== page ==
Thursday, June 20, 2013
Burnt Orange Breakdown: Johnathan Gray
By Carter Strickland
During the summer, HornsNation will analyze each of the scholarship players on the Texas roster -- excluding the Longhorns' 2013 recruiting class -- in our Burnt Orange Breakdown series. Starting with No. 1 Mike Davis, we will go through the roster numerically, finishing with No. 99 Desmond Jackson.
From No. 1 Mike Davis to No. 99 Desmond Jackson, HornsNation is evaluating the Texas roster numerically. View the entire Burnt Orange Breakdown series.
Expectations for 2013: Gray will be the main focus of the running game. After averaging just 11.4 rushes per game in 2012, the sophomore should get closer to 17 rushes per game in 2013. The spread offense is much better suited for his talents, and he could become an explosive yard-gainer in the mold of Oklahoma State’s Joseph Randle in 2011 and 2012. Texas will also use him as a receiver out of the backfield and try every way it can to get him in space where Gray is the best of Texas’ three running backs.
Best-case scenario for 2103: The added carries should push Gray up over the 1,000-yard mark. Texas has not had a rusher reach 1,000 yards since Jamaal Charles in 2007. In addition, Gray only had two 100-plus yard games last season and should be poised to at least double that in 2013. He should benefit from Texas’ push to get 15 more offensive plays per game and its willingness to diversify the offense and fully exploit all the talents at its disposal. This will allow Gray to not be the primary focus of the defense and force the defense to guess where the ball is going. A player of Gray’s skill can use that guesswork against the defense or get big gains.
Worst-case scenario for 2013: If Texas does not establish Gray as the top running back and give him the requisite carries, it could become a mess in the backfield. While Malcolm Brown, Joe Bergeron and Gray can remain friendly and solid teammates, in order for Gray to understand his importance on the team and work toward the goal of being a 1,000-yard rusher, he needs to coaching staff to stand behind him and let him known that he is the top option for Texas. If that doesn’t happen, it could take away some of his confidence and therefore inhibit the way that he runs when he does get his shots.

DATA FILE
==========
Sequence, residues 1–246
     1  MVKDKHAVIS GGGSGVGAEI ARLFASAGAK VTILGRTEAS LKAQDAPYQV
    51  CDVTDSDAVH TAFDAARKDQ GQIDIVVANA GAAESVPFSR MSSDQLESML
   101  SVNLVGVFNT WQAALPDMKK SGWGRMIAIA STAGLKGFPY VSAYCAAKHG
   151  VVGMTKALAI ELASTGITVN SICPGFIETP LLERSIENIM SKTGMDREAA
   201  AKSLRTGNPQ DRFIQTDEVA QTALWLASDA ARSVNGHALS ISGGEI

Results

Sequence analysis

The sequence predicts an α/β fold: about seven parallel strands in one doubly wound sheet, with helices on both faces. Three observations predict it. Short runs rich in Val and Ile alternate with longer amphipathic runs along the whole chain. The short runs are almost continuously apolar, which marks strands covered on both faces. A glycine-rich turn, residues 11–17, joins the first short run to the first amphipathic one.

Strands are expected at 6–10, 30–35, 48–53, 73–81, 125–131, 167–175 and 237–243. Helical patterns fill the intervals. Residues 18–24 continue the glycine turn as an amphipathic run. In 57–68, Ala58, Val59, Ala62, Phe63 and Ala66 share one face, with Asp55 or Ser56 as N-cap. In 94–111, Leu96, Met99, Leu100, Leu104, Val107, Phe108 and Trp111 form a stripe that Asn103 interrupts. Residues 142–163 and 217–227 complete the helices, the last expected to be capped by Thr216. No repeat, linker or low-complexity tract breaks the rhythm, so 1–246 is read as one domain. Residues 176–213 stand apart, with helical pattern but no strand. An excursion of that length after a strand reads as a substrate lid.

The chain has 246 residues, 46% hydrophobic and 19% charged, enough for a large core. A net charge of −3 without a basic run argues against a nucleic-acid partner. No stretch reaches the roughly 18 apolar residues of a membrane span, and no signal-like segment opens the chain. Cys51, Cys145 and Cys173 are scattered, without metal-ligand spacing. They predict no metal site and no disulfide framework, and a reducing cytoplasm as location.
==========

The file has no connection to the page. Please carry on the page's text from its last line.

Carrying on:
Future expectations: In almost any other offense, Gray would be the unquestioned first option. But Texas does have two other talented running backs who need to get the ball. That is not going to change over the next two seasons. If Gray does stay until his senior year -- running backs are no longer a huge premium in the NFL so that is a likely scenario -- he will only have one season, his last, without Bergeron and Brown. That could limit his production in 2013 and 2014. But still, he is poised to be a 1,000-yard-a-year back. And having Brown and Bergeron could help him stay free of the wear and tear that usually accompanies a featured back.